SONGDO, Incheon ― Two years have passed since the United Nations Economic and Social Commission for Asia and the Pacific, Northeast Asia subregional office was established in Songdo.
After making connections and contacts with regional think tanks, academics and the private sector, the real challenge is still ahead for Dr. Kilaparti Ramakrishna, the head of the UNESCAP for East and Northeast Asia, which aims to promote unity and growth through economic and social programs.
As he starts his second term from next month, his priority is to boost the “feeling of community sentiment” in Northeast Asia, said Ramakrishna, or “Rama,” as he prefers to be called.
Although there are only six members, one of the smallest in the U.N. subregions, they account for one-quarter of global GDP and trade whose influence on the world, Rama said, is “truly extraordinary.” UNESCAP for East and Northeast Asia members are China, Japan, Mongolia, South and North Korea, and Russia.
But they still fall short of connectivity or cultural affinity, compared with Southeast Asia or Europe, due to historical differences and conflicts.
|Dr. Kilaparti Ramakrishna (UNESCAP)|
“Our challenge is connecting this subregion,” Rama told The Korea Herald.
“We are the single most comprehensive, multilateral mechanism in the subregion, and we are trying to use that to bring the countries together, and tackle problems and issues.”
As a start, the U.N. agency seeks to help Mongolia increase its trade with other Asian countries, and support its development of infrastructure to make the country become a bigger part of Asia by coordinating closely with the private sector, including Japan’s SoftBank, South Korea’s POSCO and the Korea Business Council for Sustainable Development.
It is looking to help build a wind power plant in Mongolia, with energy generation equivalent to about 200 nuclear power plants, and water facilitation projects.
Mongolia is the least developed among the agency’s members, besides North Korea, but it considers the mining-focused country “the new Middle East.”
“If part of that dream is realized, Mongolia is going to be connected (to the world),” Rama said.
He emphasized that the only way to develop such massive-scale projects is through partnerships with the private sector as the U.N. cannot do everything on its own.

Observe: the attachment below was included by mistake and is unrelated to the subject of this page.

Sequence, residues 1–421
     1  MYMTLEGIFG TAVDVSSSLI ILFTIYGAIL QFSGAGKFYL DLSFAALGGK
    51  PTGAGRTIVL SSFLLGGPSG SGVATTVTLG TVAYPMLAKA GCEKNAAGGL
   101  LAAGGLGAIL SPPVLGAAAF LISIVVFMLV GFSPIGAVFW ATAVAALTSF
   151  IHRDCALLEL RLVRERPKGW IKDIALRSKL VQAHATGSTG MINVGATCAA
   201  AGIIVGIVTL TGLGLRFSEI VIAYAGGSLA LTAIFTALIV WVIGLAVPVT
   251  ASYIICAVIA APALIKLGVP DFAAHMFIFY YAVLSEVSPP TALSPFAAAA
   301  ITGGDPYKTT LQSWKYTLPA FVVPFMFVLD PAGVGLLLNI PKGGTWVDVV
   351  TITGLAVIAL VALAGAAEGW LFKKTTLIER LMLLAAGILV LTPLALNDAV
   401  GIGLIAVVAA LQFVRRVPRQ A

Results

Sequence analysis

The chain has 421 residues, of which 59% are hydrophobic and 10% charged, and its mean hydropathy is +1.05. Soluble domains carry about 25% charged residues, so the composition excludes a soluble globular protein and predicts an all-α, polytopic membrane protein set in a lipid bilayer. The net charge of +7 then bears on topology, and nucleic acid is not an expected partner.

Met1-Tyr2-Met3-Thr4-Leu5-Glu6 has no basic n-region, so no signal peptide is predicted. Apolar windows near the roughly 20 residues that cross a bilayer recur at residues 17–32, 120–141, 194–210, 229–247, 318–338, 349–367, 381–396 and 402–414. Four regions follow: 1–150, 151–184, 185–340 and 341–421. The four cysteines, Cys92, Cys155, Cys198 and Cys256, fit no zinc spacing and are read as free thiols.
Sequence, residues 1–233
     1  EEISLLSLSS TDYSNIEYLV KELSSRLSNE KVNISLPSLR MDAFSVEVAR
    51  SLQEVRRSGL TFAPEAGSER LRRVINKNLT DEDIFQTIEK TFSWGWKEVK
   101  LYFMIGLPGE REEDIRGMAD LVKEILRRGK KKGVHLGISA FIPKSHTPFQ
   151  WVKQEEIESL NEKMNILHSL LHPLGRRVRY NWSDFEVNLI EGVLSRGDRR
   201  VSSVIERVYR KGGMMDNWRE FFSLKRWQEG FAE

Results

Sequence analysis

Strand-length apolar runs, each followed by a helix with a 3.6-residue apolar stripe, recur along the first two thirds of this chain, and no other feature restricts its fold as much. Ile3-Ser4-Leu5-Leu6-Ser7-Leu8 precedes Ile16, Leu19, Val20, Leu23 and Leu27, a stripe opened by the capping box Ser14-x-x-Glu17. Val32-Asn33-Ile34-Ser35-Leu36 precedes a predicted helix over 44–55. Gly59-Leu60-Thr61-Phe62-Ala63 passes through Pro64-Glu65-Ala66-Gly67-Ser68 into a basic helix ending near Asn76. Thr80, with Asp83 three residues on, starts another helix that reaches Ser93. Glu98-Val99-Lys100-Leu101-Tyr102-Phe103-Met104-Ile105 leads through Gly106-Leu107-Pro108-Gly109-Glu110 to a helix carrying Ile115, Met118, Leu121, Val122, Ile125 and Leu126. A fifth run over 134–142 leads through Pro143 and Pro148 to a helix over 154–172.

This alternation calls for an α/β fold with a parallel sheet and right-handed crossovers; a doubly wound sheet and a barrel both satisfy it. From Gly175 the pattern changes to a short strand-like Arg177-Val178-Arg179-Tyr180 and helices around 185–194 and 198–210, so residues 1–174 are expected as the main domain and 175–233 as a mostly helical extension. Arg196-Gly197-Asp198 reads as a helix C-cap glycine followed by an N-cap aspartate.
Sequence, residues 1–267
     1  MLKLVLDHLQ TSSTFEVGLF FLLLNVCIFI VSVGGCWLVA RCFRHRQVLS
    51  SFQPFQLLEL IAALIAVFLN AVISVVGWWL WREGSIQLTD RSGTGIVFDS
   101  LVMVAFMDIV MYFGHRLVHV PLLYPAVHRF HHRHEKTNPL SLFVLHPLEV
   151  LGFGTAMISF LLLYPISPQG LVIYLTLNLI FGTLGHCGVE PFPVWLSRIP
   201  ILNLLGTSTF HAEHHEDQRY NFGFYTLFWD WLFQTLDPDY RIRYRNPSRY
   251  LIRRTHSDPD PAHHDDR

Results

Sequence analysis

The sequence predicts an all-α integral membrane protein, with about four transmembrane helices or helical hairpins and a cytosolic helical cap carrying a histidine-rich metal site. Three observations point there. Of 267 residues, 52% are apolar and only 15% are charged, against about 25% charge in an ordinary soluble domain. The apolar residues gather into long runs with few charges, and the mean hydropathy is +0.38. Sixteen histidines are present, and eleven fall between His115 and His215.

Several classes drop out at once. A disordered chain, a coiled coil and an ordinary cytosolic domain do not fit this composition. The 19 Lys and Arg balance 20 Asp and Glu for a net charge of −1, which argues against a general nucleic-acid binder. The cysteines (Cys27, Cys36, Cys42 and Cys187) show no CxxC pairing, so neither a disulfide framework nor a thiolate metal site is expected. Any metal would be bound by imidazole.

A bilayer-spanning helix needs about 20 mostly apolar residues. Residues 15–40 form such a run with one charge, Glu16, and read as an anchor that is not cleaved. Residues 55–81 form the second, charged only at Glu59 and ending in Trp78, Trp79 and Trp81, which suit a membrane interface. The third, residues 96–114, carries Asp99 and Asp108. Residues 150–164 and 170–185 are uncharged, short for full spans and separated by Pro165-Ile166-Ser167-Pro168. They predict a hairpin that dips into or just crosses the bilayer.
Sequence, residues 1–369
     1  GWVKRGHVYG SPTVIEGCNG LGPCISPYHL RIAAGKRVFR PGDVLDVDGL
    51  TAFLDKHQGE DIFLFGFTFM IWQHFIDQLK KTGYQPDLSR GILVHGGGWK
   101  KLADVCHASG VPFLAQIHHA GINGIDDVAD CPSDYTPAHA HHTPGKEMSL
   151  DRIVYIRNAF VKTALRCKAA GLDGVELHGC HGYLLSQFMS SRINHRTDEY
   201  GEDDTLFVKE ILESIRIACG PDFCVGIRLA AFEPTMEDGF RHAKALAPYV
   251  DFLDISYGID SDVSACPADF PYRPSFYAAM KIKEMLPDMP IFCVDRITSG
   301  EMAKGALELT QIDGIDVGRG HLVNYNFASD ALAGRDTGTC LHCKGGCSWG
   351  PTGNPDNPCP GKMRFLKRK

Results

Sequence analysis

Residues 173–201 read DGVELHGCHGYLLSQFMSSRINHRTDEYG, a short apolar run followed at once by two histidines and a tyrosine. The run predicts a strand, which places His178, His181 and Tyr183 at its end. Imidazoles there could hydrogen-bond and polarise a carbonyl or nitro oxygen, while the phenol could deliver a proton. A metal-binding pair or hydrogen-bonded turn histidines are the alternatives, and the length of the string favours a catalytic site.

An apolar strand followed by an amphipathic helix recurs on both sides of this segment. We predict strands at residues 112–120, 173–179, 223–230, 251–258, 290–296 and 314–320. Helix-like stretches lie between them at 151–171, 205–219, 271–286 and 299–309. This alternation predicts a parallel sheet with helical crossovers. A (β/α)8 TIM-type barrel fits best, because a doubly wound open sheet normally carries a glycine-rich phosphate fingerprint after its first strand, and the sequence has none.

South Korea, which has human resources and global construction players, is in a favorable position to help countries like Mongolia with its own development model.
“In one life-span, (South) Korea’s per capita income, which used to be lower than sub-Saharan Africa’s become higher than the average for Europe. That is extraordinary,” he continued.
As South Korea did this and built its economy with support from international organizations such as the U.N. and the World Bank, the country is more than capable of, in the words of U.N. Secretary-General Ban Ki-moon, “giving back” and “sharing” its knowledge.
“Korea can be the window to the rest of the world for agencies or institutions not only in this subregion, but other regions like Africa. We are ready to make it happen,” Rama said.
But when South Korea and the world bring attention to developing countries such as Mongolia, Rama said he wants to make sure that infrastructure development will create jobs, especially for the young.
North Korea’s economic and social development is another “huge challenge” facing UNESCAP, but Rama said the agency will need to wait until all political issues are resolved before further making pragmatic engagement.
“We must get the politics sorted out first and foremost. You can’t call (North Korea) on one hand a pariah nation and at the same time expect it to be a fully responsible member of the international community. They cannot co-exist.”
However, he said that the UNESCAP is ready to “multiply the magnitude of efforts” it can do for Mongolia as the agency can do for North Korea.
By Park Hyong-ki (firstname.lastname@example.org)